The Websense Security Labs™ team is aware of a recent discovery that provides attackers with the potential to intercept sensitive user credentials (username, domain, and hashed password). The attack relies on an end user being directed to, and authenticating against, an attacker-controlled SMB (Server Message Block) server. SMB is most often used to access file shares across networks.
Several new ways have been discovered to induce an 18-year-old vulnerability in the handling of such traffic. The attack type is being called “Redirect To SMB.” Several popular applications are vulnerable to this attack method. Reports indicate that while no attacks have been seen in the wild at the time of this writing, the implications of the vulnerability are suitably severe to warrant a triage of the issue and a description of how your organization could be affected.
Is this is a new discovery?
The discovery of new attack methods has been achieved only recently. Vulnerability Notes Database announced the issue to the public today based on analysis by Cylance: http://www.kb.cert.org/vuls/id/672268.
The issue has been assigned designation VU#672268.
How would the attack work?
The "Redirect To SMB" attack describes any method used to send users to, and authenticate them against, a malicious SMB server. Username, domain, and the (typically) hashed password can be intercepted.
The following scenarios have been illustrated:
- A website could redirect a user to an SMB server under the attacker's control. This website could be disseminated using the email vector, via malvertising (malicious advertisements) or simply by luring the end user to a website that redirects.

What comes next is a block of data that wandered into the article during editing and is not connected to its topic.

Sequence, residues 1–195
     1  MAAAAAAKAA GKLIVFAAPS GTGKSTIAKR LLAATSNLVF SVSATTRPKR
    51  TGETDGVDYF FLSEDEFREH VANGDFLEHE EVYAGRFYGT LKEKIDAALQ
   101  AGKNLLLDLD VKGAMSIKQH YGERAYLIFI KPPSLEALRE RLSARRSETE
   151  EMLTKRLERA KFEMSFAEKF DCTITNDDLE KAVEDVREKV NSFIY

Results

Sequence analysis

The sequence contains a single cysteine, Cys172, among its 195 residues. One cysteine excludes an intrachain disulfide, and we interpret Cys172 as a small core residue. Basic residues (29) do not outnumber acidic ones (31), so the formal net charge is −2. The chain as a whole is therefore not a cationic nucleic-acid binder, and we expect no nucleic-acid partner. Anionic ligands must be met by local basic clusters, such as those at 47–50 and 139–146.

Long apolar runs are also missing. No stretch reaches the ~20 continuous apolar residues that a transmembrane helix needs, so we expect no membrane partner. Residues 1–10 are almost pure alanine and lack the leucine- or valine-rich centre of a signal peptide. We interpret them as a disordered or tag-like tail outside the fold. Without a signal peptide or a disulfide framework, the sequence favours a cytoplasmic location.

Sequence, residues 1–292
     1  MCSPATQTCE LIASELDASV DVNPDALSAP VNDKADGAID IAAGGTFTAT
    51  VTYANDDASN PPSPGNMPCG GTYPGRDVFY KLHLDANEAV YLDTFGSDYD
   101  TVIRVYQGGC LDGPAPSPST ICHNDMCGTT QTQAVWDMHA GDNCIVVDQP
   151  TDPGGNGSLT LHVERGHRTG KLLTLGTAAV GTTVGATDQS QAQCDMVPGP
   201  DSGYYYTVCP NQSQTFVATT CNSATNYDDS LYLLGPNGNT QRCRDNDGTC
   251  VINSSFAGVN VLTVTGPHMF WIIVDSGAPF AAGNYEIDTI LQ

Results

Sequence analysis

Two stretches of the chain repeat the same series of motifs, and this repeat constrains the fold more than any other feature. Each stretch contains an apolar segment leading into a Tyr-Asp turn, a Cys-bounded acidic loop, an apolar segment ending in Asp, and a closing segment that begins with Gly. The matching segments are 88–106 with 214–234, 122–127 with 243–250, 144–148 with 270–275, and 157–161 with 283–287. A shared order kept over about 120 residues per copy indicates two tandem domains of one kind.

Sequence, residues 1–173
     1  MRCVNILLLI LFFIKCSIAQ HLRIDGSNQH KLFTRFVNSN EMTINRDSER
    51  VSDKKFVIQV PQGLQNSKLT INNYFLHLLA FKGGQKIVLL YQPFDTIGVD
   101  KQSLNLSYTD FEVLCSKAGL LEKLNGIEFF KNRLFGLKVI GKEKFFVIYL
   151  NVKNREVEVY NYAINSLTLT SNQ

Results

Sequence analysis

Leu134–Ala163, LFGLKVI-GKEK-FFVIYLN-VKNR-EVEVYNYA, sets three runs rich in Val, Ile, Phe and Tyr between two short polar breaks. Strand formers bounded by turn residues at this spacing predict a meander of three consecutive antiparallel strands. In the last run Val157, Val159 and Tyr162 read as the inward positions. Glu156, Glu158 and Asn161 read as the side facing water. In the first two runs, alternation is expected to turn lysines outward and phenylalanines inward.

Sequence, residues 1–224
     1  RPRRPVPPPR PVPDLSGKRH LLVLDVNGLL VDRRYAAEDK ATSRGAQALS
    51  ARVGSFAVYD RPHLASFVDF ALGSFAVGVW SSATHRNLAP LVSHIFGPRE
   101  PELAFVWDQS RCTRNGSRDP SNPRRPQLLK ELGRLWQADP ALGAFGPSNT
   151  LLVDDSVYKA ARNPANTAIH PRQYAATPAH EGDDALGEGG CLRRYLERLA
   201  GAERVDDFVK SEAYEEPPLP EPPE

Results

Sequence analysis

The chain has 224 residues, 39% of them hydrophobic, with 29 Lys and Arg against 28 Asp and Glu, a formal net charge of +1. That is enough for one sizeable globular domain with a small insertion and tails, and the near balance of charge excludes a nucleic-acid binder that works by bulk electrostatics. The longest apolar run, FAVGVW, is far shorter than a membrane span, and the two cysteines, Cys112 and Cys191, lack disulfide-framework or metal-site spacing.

- A man-in-the-middle (MITM) attack could intercept user traffic and redirect to the appropriate SMB server.
- The update mechanisms of numerous products are said to to be vulnerable (Adobe® Reader®, Apple® QuickTime®, and others) due to their using HTTP requests to access software updates. A MITM attack could intercept and change the destination of the request to a SMB server under the attacker's control.
Current thinking proposes the following mitigation advice. Not all may be suitable for your organization.
- SMB traffic operates over TCP 139 and TCP 445. This communication could be blocked using a device such as a firewall, particularly the network gateway firewall, to prevent only SMB communications to destinations outside of your network.
- Apply any applicable software patches from vendors as they are released.
- End users should be encouraged to use strong passwords to increase the time required for a simple brute force of any hashing algorithms.
- Additional mitigation methods are described in the Cylance white paper located here.
Websense Security Labs will continue to monitor any developments related to this issue.